If you notice late payments on your credit report, immediately take steps to bring them up-to-date.  Late payments can affect your interest rates, and build up penalty late fees that will push back any payment progress that you’ve been making.  Always keep in mind, if you can pay off an entire credit card balance, it is better to do so as soon as you can.

Make Payments In Full & On Time

In future credit purchases and transactions, make sure to make your payments on time, and if you are able, in full.  If you are unable to pay a transaction off in full, put the maximum amount you can afford toward your monthly payment; the quicker the balance comes down, the better.  To help make your payments on time, considering setting up auto-pay. Auto-pay is a great tool to ensure you don’t accumulate late fees due to a missing payment.

Are You Making These Common Finance Mistakes?

John J Bowman Jr Accountant - Personal Finance Mistakes

It happens every month without fail. When payday rolls around on the third Friday of the month, your bank account looks healthy – filled with money to spare, even. With a few easy taps on your banking app, you’ve sent off your rent, covered your electric bill, and paid off a little of your credit card debt. You decide it will be alright if you splurge a little on dinner, a movie, a maybe even a quick weekend trip to the local shopping center. A week or so later, you absentmindedly swipe open your banking app – and stare in disbelief. Your bank balance is practically anemic. Where did all of your money go?

 

Spending Impulsively

Your morning Starbucks latte could be costing you. Crunch the numbers: a venti latte costs roughly $4 a pop. If you multiply that times the five days in a work week, you find yourself with a coffee bill of $20 a week, or a full $80 a month. In other words, the money you spend on coffee alone could have covered your entire grocery bill for a month. Small expenses add up – so avoid making impulse purchases. If you think you might be splurging just a little too often, check! At the end of the month, compile all of your card charges and assess how much you spent on necessary items or services (i.e., rent, food, gas) versus how much you spent on unnecessary treats or luxuries. You might just find yourself reconsidering your coffee budget afterwards.

 

Paying Too Many Subscriptions

Do you really need Netflix, Hulu, Amazon Video, and HBO Go? Probably not. Signing onto a service may seem simple and cheap when you’re in the free trial period, but those monthly fees accumulate quickly. Do an inventory of the subscriptions you have and decide which ones you can afford to cut ties with.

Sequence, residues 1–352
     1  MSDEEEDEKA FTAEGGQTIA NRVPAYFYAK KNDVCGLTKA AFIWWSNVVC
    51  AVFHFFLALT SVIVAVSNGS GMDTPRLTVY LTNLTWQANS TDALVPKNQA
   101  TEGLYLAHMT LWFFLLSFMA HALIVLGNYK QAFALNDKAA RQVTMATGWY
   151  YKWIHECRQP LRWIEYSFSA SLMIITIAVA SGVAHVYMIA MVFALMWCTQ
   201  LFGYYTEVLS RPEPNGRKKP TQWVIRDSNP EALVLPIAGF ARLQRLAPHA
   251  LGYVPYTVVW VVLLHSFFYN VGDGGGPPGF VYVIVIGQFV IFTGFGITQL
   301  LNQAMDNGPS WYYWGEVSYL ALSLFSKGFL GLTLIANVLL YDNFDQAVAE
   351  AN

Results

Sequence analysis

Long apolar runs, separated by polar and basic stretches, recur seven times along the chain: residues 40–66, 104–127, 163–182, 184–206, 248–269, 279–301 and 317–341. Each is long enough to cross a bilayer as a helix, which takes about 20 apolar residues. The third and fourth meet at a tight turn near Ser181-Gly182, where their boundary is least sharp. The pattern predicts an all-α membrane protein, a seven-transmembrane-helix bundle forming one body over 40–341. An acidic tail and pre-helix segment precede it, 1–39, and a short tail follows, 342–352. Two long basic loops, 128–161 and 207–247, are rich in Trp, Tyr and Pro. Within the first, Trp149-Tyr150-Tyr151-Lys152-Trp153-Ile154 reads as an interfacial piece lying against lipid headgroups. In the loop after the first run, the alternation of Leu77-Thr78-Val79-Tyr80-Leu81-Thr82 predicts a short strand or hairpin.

Living on Credit

Having a credit card doesn’t give you access to free money! Credit card companies make their enormous profits off of people who make minimum payments and allow interest to accrue. Just think – by leaving the expense of a single small item on your balance, you could end up paying out twice the original price in interest and fees. Believing in the “free money” myth could cost you money; living on credit could leave you bankrupt.

 

Overspending on Housing

You may want the in-building gym or slickly designed kitchen – but can you afford it? According to a report from Harvard’s Joint Center for Housing Studies, over one-third of all American households spend 30% or more of their take-home pay on housing expenses. Most financial advisors set the expense ceiling for rent at 30% of a person’s take-home pay; however, even this might be too high for someone struggling to pay off hefty student loans or provide for a family. Don’t let a nice apartment or charming home lure you deeper into debt. If you do, you might find yourself needing to sacrifice your personal life and stay home far more than you ever wanted to.

 

“Keeping Up” With Others

If all of  your friends leapt into crippling debt, would you follow? The answer might not be as easy as you think. Sometimes, it can be difficult to say no to a weekend trip or fancy dinner – even if you know that the expense would eat into your budget for the month. Make a habit of thinking your budget first, and fun second – or risk losing out on a significant chunk of potential savings.